Everything I have mentioned will also carry over into the combat side of the game as certain fights will have advantages or disadvantages based on your choices. Each battle is spread across a lay of the land which could have many different height advantages, bottlenecks, and room to outmaneuver your opponent. Working off a traditional turn-based grid system, you are able to see how far a unit can move, whether they are in the range of the enemies, and if they can strike back based on the colour of the squares. You can even use a simulated view to see how the enemy may respond before making your choice.

Small details, such as pinning an enemy between units to double up on an attack, or facing your character with their back to the wall to save yourself from a critical strike, were all important details to survive the often very long battles.

On a surface level, it may seem similar to other games in this genre but while playing, it is clear this is a love letter to fans of the likes of Final Fantasy Tactics. Creating a battle platoon with a diverse team was always fun to navigate, and being able to recruit new soldiers that always seem to be within a few levels of yourself eliminates the need for unnecessary grinding. Yes, you will still need to do some extra work as the main campaign alone won’t be enough, but there are options to flee a fight to save all the experience you have gained, and training battles to test out team composition never felt like a painful chore. I was particularly impressed with the real-time levelling system that would see each character gain experience per move and could unlock a new ability during a fight that can be used immediately.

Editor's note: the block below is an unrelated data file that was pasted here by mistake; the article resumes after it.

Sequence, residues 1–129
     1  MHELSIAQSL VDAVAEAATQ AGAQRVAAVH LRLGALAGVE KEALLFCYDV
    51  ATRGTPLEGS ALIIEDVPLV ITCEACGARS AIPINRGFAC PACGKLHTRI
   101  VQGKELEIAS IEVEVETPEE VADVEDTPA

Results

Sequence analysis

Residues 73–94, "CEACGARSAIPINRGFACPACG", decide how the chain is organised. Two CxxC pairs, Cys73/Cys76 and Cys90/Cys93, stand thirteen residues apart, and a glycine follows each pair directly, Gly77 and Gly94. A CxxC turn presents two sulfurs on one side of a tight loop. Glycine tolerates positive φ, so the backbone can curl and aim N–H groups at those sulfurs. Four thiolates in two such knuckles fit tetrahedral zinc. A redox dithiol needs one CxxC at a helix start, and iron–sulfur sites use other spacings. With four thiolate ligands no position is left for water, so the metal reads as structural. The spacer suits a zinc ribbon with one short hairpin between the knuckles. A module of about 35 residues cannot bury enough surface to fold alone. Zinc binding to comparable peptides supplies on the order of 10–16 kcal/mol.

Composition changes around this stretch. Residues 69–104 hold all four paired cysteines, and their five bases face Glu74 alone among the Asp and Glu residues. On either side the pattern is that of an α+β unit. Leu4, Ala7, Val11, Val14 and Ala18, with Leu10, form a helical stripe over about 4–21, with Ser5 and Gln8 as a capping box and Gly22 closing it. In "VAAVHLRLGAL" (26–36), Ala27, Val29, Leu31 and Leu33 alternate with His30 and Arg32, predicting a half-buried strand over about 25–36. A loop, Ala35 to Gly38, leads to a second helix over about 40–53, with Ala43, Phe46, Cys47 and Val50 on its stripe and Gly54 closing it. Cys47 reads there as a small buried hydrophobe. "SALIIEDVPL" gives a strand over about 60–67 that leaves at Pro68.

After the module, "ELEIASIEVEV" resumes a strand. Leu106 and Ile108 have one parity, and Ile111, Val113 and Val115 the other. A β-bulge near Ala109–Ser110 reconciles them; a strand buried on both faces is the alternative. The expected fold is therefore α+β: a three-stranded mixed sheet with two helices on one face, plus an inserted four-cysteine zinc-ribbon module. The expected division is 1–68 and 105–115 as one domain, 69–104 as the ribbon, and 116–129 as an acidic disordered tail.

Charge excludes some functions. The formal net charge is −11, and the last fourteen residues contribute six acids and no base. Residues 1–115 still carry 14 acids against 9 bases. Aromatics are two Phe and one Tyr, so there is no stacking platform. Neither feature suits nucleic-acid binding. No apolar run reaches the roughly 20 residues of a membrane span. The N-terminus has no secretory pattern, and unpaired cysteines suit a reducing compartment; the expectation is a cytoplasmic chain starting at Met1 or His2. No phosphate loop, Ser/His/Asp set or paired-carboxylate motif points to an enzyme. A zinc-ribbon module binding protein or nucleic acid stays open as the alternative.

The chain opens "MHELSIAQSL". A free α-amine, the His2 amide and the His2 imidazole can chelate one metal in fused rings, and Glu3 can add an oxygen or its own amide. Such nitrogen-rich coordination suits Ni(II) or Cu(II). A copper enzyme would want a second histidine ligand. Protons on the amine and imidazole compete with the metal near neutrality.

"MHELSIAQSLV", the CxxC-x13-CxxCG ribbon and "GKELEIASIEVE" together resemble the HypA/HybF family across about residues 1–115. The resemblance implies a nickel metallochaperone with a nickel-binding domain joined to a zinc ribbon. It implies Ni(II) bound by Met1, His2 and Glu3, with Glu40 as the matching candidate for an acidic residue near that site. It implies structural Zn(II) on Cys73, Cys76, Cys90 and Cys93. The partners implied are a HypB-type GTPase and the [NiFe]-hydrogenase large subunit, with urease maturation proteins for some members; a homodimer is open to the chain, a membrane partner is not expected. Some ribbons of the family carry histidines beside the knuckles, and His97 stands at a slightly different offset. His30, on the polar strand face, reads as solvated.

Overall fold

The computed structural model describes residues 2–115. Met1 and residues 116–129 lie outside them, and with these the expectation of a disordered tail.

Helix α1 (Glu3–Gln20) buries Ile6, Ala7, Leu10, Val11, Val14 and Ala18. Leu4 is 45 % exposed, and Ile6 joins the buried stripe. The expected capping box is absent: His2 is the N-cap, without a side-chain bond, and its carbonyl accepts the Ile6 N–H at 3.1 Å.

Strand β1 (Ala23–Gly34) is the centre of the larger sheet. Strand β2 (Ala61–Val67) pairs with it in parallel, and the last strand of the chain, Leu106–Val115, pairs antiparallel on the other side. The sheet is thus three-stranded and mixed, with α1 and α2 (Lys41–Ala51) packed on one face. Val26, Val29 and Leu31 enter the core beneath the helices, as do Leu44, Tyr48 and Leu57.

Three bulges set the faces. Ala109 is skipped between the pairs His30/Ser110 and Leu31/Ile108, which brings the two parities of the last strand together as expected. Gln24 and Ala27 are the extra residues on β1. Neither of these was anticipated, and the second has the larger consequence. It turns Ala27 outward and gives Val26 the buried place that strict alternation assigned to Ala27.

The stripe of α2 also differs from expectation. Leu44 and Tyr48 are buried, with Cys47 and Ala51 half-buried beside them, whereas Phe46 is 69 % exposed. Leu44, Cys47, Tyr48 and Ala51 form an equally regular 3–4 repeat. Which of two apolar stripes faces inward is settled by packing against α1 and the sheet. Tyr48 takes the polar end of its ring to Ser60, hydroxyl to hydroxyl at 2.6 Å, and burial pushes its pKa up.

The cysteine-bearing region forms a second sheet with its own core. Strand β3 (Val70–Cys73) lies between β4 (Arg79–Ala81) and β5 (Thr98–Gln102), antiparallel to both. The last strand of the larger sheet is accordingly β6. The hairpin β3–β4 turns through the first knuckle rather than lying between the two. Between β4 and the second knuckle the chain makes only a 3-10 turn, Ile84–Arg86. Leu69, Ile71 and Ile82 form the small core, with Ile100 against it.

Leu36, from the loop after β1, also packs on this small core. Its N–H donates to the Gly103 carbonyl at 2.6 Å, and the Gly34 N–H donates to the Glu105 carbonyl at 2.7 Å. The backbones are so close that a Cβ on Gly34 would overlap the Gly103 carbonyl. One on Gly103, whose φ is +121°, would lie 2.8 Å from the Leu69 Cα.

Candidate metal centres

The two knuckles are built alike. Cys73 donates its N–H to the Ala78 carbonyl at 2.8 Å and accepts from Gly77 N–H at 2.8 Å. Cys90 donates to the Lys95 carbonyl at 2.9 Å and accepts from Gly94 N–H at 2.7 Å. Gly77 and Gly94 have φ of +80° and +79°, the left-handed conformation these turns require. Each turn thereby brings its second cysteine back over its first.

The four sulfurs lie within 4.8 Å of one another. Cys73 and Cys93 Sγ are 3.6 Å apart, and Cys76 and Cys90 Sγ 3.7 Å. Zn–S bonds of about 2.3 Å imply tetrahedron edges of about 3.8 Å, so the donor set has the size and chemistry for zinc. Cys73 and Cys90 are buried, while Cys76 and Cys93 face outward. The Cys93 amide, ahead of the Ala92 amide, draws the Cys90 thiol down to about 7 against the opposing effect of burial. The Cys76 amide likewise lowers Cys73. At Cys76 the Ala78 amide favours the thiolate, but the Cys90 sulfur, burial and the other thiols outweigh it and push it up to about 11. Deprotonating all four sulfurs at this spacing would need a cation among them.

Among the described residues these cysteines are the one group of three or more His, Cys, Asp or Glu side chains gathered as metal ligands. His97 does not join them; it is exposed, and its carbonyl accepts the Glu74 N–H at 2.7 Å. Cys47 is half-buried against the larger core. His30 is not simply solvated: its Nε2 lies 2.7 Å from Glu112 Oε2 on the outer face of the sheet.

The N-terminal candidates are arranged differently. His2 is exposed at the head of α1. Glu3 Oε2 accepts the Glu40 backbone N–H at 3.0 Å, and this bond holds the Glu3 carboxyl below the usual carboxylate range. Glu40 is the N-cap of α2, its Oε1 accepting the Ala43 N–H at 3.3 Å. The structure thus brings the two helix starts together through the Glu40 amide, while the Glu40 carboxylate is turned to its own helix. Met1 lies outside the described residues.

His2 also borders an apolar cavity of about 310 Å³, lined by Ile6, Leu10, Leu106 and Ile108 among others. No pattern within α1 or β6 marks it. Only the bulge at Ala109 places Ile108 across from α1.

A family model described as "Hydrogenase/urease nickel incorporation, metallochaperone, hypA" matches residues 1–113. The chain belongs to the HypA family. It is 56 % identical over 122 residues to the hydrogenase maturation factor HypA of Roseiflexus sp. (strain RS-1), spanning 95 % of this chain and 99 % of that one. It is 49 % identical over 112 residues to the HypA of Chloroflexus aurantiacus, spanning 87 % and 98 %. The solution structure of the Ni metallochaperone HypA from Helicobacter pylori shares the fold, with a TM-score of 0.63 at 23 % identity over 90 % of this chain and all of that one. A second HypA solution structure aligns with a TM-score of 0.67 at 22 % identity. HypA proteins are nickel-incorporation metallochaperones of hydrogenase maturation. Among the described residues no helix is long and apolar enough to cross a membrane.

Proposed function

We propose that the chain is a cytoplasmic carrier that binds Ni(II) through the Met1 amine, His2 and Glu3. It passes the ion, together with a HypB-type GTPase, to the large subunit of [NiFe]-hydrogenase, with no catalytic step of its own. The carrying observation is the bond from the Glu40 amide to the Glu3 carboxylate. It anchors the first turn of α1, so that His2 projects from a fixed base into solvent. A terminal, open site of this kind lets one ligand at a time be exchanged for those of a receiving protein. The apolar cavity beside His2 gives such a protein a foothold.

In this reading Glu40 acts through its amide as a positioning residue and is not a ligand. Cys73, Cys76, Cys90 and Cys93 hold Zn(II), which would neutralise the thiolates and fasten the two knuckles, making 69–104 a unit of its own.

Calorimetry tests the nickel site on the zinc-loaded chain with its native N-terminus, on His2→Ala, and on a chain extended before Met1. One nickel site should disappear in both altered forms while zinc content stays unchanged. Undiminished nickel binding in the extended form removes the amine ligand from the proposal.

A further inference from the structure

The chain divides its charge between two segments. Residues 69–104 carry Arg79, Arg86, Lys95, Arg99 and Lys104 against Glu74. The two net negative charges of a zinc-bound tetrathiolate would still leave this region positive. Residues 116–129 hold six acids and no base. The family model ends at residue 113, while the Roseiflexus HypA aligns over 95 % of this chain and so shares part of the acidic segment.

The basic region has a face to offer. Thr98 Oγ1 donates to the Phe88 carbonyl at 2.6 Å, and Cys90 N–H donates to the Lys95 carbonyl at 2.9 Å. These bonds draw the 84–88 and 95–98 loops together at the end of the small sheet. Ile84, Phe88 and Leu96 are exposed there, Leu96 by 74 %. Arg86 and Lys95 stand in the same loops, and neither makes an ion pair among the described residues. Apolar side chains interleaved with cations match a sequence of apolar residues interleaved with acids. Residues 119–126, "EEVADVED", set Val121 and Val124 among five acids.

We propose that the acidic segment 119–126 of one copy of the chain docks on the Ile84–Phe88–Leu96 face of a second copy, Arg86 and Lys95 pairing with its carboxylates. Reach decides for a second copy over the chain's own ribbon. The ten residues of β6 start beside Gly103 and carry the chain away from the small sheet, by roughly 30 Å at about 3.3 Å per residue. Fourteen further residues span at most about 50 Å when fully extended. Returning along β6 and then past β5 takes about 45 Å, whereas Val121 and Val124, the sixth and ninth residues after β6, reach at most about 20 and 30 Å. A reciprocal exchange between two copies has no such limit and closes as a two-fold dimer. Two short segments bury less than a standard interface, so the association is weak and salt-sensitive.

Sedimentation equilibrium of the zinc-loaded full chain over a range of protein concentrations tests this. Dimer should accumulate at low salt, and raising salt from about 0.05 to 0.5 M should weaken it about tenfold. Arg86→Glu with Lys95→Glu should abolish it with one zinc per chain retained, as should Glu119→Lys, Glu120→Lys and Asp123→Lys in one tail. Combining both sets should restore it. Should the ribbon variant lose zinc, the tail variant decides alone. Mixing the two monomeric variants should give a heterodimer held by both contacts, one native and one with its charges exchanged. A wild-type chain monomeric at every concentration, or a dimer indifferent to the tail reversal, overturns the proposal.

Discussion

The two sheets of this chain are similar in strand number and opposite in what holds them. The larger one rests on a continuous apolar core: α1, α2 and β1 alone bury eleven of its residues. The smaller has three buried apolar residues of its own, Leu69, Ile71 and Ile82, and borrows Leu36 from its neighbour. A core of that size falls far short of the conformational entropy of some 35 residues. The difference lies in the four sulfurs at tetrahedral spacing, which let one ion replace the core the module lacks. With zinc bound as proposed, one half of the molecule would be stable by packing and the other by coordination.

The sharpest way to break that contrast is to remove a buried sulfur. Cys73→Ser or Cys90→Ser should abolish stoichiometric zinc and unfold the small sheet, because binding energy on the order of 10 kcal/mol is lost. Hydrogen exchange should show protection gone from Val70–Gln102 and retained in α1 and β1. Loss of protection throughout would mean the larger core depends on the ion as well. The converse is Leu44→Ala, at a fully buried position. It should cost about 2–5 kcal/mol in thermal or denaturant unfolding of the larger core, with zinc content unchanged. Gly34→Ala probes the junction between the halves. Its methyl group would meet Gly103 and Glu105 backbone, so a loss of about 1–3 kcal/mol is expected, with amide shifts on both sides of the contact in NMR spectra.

I was thoroughly engaged in the wonderful world created and was glad for the ability to adjust the difficulty at any time. Playing on normal difficulty gave the best experience, but for a significant challenge, I do encourage trying the higher difficulties to be humbled. Triangle Strategy is a phenomenal game and will offer countless opportunities to pave your own path towards multiple endings and the option of New Game Plus. For anyone mildly interested in turn-based strategy you will feel right at home and I would highly recommend diving in the first chance you get.

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The Good

  • Beautiful world and environment
  • Fully voice acted with well written dialogue
  • Meaningful choice make significant changes
  • Classical combat felt renewed and engaging
  • Musical score dynamically matched locations and situations
  • Multiple endings and new game plus options

The Bad

  • Pacing early on was affected by dialogue heavy experiences
  • Long battles can be a heart breaker if you have to do it again

Written by: Shane Fletcher